Lawmakers in Congress are considering bringing significant changes to the Secret Service, including moving it out of the Department of Homeland Security and breaking up its mission, according to Associated Press, or AP. The proposals are being made in the wake of new controversies, including a recent break-in at the White House by a knife-yielding man.

Julia Pierson recently resigned as the agency's director but lawmakers are determined to discuss further changes to the Secret Service once Congress reconvenes after the Nov. 4 midterm elections. One of the proposals include moving the Secret Service back to the Treasury department, where it belonged until 2001 when Homeland Security took over following the 9/11 terror attacks.

"Looking at the positioning of the agency, whether it should be in Treasury or be in Homeland Security, is one issue that must be taken up" Rep. Elijah Cummings of Maryland, a top Democrat on the House Oversight and Government Reform Committee, which hosted Pierson at a hearing last week before her resignation, said, according to AP, as part of an independent review.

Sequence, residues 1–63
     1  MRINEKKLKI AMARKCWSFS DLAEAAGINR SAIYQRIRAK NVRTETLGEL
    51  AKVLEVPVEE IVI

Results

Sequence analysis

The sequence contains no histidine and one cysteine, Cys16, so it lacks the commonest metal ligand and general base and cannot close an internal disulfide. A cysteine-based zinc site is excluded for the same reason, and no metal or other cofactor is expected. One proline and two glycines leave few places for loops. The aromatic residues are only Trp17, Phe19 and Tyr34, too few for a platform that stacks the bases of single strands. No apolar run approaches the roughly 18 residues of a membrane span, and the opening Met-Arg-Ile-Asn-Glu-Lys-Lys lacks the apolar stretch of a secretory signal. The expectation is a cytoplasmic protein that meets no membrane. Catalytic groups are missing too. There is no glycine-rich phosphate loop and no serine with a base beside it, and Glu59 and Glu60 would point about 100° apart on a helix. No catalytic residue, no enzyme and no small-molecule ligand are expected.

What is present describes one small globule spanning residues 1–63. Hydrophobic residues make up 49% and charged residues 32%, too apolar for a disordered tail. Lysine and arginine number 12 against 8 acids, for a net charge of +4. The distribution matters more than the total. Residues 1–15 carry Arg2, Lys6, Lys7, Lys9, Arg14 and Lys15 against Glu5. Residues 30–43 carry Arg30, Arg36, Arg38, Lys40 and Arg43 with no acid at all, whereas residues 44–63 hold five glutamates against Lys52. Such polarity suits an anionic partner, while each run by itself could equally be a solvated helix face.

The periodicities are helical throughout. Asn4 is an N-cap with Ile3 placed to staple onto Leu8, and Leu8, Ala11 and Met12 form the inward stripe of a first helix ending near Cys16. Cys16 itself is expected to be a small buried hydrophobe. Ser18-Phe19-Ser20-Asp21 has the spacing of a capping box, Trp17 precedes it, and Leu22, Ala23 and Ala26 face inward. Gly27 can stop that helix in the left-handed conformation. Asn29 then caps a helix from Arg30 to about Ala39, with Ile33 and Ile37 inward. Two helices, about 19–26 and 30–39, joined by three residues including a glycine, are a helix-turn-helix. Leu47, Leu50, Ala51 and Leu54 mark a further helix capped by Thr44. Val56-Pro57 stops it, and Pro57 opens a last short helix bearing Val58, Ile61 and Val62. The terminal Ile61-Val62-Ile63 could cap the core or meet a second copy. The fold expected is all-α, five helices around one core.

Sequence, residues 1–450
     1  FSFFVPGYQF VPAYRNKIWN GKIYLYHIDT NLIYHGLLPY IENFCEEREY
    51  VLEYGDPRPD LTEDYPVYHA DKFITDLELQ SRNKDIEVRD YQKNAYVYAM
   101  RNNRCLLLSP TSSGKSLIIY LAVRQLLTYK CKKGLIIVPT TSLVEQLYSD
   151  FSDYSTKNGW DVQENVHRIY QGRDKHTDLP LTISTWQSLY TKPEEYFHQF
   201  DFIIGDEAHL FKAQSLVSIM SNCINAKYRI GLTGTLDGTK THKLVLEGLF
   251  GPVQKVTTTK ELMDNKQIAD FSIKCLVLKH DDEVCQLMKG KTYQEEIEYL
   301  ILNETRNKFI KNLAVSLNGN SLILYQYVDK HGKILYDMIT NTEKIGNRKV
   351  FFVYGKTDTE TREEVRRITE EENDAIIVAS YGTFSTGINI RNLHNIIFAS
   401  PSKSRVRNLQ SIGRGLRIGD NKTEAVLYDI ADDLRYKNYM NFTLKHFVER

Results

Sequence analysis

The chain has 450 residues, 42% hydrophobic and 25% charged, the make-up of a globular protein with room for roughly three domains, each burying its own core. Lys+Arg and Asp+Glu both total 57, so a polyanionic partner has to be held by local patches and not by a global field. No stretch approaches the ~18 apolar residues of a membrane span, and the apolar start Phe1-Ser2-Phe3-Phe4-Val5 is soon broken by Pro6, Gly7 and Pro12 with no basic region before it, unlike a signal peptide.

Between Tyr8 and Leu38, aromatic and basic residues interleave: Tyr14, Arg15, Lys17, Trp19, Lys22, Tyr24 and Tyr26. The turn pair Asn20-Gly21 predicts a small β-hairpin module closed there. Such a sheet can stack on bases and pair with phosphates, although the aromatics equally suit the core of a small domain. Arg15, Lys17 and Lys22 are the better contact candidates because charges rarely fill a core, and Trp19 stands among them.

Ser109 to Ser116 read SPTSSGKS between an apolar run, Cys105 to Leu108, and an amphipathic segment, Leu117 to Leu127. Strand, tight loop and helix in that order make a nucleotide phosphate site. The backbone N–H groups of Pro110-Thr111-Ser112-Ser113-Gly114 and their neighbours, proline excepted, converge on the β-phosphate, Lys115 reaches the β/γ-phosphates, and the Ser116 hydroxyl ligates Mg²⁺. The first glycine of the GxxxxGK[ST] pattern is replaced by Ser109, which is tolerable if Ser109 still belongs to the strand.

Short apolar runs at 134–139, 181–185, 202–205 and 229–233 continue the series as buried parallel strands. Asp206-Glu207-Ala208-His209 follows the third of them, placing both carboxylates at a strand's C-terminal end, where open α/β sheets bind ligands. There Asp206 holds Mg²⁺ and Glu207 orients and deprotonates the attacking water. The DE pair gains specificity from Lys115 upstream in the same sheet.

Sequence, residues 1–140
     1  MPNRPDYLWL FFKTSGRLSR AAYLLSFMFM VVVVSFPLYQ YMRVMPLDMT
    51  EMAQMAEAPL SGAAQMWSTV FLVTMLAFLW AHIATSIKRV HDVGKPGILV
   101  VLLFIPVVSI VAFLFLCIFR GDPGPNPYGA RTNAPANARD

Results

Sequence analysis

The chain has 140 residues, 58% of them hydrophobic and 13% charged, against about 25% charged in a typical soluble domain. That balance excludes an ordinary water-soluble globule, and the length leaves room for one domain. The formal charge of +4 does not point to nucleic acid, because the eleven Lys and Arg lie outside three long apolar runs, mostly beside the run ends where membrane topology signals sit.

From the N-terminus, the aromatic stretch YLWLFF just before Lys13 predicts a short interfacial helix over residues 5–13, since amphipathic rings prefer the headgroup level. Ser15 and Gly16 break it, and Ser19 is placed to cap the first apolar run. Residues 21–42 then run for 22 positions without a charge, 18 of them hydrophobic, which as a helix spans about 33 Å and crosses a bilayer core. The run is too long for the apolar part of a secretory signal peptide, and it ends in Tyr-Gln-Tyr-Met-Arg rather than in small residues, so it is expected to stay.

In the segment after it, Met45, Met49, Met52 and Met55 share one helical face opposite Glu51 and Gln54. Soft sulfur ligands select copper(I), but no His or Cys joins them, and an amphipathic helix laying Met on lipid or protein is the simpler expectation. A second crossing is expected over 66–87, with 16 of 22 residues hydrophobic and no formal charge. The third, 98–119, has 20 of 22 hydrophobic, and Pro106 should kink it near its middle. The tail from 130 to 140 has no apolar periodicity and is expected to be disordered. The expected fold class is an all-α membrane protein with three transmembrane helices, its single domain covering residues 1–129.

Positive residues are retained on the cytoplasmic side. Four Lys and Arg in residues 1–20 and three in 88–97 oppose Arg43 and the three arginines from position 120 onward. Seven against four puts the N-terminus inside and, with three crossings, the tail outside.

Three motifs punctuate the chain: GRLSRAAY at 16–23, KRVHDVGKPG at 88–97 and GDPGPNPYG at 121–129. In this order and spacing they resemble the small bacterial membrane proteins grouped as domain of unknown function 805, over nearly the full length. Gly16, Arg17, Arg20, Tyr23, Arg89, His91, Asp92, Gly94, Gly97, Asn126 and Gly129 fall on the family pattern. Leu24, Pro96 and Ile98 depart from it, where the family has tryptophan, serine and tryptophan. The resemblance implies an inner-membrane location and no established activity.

Rep. Jason Chaffetz of Utah, said, according to AP, that, within Homeland Security, he has not “heard anyone make a strong case that it really is working the right way.”

However, some Secret Service agents believe that the move to Homeland Security may have led to the decline of the Secret Service into a struggling management-heavy agency, which now competes with other agencies for funds.

The Secret Service, which employs 6,500 people and is entrusted with the task of protecting the American president, currently has a budget of $1.5 billion, which is a fraction of that provided to other agencies under Homeland Security.

"The Secret Service was essentially allowed to run its business unencumbered, with lack of interference," Dan Emmett, a former agent at the Secret Service said, according to AP, adding: "Then this monstrosity of a department called DHS was created, and the Secret Service was unceremoniously ripped from Treasury where it had operated so efficiently."